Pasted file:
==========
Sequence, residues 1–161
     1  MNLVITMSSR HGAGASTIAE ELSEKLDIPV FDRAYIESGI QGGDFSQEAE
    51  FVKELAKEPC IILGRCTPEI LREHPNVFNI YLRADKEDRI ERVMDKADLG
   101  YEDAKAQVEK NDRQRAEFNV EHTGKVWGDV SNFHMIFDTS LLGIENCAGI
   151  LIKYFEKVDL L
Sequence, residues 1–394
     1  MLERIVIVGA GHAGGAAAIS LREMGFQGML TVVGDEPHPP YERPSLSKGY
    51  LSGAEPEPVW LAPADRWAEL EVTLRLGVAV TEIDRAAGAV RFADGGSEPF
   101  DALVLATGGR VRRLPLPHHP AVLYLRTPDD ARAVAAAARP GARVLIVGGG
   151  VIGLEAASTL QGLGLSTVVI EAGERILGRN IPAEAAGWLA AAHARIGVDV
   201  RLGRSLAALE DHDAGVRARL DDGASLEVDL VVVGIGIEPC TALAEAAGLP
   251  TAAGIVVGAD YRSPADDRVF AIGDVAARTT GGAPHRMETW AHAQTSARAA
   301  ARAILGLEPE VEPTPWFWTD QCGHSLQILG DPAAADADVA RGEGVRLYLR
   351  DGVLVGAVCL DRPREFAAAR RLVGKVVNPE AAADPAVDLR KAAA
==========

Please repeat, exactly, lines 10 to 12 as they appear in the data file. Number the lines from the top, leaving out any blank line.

   151  VIGLEAASTL QGLGLSTVVI EAGERILGRN IPAEAAGWLA AAHARIGVDV
   201  RLGRSLAALE DHDAGVRARL DDGASLEVDL VVVGIGIEPC TALAEAAGLP
   251  TAAGIVVGAD YRSPADDRVF AIGDVAARTT GGAPHRMETW AHAQTSARAA